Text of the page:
The WHO boss on Friday called on countries to give up immunizing children and adolescents against COVID and donate the doses thus released to the Covax system to redistribute them to underprivileged countries.
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Tedros Adhanom Ghebreyesus stressed that the way things are going, the second year of the pandemic would be “much more deadly” than the first, during a press briefing.
“I understand why some countries want to vaccinate their children and adolescents, but I ask you to think about giving it up and instead give the vaccines to Covax”, the international system put in place to ensure equitable access to vaccines, said the director General of the WHO.
For months, he has denounced vaccine nationalism, which in view of the shortage of available doses deprives many countries of being able to protect, including the most vulnerable people and healthcare workers, when the European Union or the United States promise to vaccinate a large majority of their population by summer.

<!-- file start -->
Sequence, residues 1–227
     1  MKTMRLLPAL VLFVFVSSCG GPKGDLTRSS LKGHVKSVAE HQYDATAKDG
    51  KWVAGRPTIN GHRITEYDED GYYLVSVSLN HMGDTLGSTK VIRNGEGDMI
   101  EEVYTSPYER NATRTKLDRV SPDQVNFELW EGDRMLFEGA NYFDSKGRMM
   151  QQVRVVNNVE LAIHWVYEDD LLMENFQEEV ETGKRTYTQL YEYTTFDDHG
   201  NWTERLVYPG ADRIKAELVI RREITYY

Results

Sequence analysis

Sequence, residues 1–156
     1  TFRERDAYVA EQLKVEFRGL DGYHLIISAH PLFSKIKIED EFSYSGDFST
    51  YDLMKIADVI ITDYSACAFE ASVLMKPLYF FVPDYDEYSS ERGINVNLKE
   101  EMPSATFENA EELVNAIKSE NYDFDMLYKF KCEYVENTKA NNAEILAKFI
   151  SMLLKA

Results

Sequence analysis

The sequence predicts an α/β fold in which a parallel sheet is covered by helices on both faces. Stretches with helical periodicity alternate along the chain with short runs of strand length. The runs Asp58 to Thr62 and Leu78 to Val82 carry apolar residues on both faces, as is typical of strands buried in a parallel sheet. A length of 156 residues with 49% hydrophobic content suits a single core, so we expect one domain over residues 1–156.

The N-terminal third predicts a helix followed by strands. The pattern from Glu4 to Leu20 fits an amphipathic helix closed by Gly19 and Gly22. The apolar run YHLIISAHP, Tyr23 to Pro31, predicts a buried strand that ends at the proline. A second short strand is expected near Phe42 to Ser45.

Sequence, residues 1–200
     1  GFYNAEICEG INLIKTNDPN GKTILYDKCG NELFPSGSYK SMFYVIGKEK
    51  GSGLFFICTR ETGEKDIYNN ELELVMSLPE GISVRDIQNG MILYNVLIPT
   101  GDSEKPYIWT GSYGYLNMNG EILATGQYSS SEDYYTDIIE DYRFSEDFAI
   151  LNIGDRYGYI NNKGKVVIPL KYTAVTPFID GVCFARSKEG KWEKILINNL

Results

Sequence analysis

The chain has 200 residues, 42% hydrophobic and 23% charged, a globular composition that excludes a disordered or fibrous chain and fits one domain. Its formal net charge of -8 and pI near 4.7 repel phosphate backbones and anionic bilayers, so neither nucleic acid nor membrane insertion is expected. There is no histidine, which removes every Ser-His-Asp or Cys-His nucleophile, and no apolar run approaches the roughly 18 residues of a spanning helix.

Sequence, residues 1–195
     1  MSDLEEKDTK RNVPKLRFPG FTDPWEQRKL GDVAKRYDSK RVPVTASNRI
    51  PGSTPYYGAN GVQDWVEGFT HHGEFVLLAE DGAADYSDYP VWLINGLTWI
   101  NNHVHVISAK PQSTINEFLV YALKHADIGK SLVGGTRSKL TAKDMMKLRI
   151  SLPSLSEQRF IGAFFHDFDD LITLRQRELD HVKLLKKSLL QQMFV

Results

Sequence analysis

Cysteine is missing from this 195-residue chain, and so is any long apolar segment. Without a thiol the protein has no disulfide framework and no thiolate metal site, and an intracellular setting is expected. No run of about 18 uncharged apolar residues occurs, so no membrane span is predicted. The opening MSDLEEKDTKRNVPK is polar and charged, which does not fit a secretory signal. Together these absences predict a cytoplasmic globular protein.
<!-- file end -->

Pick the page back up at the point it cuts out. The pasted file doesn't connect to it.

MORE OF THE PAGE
Noting that many countries were still plagued by explosive infection rates, such as India but also Nepal, Sri Lanka and some countries on the American continent, the Director General stressed that “COVID-19 has already claimed the lives of more than 3.3 million people and at the rate things are going, the second year of the pandemic will be much more deadly than the first ”.
The Covax system has been deprived of a significant proportion of vaccines that it thought it could distribute in the 2nd quarter of this year, India – where the bulk of the doses for Covax are manufactured – having banned their export to fight against the explosion of the pandemic in the country.
WHO therefore called on countries to donate the doses they had. France has thus made it possible to distribute 500,000 doses of AstraZeneca vaccine through Covax, as has Sweden and Switzerland, which may soon authorize the donation of one million doses of this vaccine.